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U.S. Drought Monitor Update for March 23, 2021

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According to the March 23, 2021, U.S. Drought Monitor, moderate to exceptional drought covers 36.4% of the United States including Puerto Rico, a slight decreasefrom last week’s 36.9%. The worst drought categories (extreme to exceptional drought) increased slightly from 14.8% last week to 15.1%. 

Several Pacific weather systems moved through the jet stream flow across the contiguous United States. Some spread Pacific moisture across parts of the West, while others tapped Gulf of Mexico and Atlantic moisture to bring above-normal precipitation to the central Plains, Midwest, and Southeast. The storm track missed other parts of the country, resulting in a drier-than-normal week across much of the West, Rio Grande Valley, northern Plains, Great Lakes, New England, and Florida. The weather systems mostly tracked across the West and South, bringing cooler-than-normal temperatures to those regions. Upper-level ridging farther north brought warmer-than-normal temperatures to the northern Plains, Great Lakes, and Northeast.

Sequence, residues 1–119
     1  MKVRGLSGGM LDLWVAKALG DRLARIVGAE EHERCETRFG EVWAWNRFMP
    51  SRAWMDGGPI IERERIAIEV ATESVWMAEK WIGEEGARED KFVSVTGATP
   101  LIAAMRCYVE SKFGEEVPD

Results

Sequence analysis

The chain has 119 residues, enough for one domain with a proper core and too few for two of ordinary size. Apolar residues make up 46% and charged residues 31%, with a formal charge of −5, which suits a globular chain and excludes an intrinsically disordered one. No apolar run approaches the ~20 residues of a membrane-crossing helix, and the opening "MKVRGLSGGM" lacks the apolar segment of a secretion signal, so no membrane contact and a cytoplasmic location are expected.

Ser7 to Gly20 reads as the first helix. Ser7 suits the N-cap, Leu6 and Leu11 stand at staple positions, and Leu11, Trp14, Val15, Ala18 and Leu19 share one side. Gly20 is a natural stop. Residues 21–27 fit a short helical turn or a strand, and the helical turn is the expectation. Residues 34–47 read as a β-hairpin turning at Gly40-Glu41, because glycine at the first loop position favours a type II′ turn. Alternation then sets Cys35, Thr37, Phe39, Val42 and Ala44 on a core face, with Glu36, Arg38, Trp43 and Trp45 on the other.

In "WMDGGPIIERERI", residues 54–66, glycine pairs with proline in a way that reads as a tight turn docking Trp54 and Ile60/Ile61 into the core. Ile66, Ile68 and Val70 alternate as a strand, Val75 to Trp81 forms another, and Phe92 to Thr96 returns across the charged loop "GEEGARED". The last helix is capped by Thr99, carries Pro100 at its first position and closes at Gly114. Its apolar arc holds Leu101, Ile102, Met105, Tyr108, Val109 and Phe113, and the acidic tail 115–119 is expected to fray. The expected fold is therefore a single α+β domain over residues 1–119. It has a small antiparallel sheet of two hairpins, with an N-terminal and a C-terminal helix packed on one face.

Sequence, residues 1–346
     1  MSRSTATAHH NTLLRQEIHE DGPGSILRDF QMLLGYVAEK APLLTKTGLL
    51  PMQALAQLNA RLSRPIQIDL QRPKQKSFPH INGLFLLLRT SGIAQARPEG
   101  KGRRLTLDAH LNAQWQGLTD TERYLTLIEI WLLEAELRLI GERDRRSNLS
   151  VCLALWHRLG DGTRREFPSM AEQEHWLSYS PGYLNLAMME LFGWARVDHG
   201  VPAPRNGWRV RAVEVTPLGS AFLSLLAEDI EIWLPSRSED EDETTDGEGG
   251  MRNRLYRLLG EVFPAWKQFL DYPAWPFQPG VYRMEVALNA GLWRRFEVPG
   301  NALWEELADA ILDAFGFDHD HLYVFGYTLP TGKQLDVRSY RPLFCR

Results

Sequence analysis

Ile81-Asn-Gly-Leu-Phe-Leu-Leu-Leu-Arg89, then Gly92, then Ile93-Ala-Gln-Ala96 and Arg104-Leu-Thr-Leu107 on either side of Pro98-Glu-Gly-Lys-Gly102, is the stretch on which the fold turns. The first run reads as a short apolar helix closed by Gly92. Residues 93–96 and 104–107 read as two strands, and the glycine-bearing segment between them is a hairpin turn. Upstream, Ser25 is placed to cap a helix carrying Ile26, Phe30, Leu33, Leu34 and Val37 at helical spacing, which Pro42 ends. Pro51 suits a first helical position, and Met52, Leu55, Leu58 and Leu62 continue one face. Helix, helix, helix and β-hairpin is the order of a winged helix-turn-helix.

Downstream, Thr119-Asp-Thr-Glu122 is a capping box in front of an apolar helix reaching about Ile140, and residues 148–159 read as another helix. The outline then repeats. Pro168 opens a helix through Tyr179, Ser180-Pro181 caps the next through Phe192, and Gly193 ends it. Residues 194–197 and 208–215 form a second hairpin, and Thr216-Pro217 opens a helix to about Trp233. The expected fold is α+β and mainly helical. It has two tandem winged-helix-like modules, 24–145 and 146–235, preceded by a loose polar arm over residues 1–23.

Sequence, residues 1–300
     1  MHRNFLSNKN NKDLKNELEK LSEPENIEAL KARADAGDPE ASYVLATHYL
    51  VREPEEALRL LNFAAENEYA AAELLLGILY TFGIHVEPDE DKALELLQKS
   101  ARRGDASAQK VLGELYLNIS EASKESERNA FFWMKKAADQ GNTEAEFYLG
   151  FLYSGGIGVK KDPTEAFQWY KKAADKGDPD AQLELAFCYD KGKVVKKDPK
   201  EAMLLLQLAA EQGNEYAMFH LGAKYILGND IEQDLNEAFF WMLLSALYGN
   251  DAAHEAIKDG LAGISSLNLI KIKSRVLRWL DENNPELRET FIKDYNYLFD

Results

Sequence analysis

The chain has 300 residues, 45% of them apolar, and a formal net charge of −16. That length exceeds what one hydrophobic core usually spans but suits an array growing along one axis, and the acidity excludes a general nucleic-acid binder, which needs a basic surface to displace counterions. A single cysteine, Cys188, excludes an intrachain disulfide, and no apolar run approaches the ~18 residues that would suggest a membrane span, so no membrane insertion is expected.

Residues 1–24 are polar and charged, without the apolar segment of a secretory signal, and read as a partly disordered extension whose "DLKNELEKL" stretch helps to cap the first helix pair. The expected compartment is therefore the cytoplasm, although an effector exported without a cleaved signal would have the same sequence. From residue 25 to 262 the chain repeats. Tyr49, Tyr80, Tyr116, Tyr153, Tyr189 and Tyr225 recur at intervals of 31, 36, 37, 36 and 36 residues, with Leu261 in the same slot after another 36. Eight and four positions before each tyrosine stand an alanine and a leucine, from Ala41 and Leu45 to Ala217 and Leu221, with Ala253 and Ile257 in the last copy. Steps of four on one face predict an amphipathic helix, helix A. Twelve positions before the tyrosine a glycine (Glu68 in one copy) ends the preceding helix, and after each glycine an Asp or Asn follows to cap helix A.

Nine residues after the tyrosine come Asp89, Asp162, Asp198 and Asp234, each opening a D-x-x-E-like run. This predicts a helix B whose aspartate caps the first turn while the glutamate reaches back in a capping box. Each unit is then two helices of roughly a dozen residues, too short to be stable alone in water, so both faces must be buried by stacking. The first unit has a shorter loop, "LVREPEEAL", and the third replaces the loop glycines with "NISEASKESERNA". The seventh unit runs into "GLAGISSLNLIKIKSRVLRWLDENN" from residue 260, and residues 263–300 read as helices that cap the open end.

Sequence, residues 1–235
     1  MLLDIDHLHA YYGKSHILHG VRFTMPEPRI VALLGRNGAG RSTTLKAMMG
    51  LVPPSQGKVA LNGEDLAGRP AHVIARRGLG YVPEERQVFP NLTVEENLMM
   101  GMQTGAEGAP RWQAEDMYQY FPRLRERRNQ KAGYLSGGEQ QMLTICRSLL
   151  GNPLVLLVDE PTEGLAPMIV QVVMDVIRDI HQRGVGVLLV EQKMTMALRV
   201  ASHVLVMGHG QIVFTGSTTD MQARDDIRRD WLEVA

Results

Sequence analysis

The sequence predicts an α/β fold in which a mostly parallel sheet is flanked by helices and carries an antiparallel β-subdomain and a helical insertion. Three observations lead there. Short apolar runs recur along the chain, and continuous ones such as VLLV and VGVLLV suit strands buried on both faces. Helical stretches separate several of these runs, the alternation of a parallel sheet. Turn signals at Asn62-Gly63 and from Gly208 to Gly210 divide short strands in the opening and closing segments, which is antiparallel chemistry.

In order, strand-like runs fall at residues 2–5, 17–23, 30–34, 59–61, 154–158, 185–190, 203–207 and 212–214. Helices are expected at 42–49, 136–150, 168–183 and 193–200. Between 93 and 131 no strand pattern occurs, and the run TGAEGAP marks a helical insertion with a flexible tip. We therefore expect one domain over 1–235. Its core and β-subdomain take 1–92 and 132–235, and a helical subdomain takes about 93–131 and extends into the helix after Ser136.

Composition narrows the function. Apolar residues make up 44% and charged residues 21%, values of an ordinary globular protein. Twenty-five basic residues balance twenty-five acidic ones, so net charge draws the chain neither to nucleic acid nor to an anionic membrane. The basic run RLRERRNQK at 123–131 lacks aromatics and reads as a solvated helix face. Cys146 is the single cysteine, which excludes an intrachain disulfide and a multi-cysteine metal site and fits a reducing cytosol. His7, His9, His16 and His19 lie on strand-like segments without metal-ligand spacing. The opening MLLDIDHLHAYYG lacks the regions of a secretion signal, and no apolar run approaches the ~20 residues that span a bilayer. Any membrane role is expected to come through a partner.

The beneficial precipitation contracted drought and abnormal dryness in parts of the central Rockies and central Plains to Midwest and South, while drought or abnormal dryness expanded or intensified across parts of the Southwest, northern and southern Plains, and Great Lakes.  Drought contraction was more than expansion, so the overall U.S. drought footprint decreased this week. 

Abnormal dryness and drought are currently affecting over 150million people across the United States including Puerto Rico—about 48.4% of the population.

 

Map of U.S. drought conditions for March 23, 2021

The full U.S. Drought Monitor weekly update is available from Drought.gov.

In addition to Drought.gov, you can find further information on the current drought as well as on this week’s Drought Monitor update at the National Drought Mitigation Center. See their recent news releases.

The most recent U.S. Drought Outlook is available from NOAA’s Climate Prediction Center and the U.S. Department of Agriculture provides information about the drought’s influence on crops and livestock.

For additional drought information, follow #DroughtMonitor on Facebook and Twitter.

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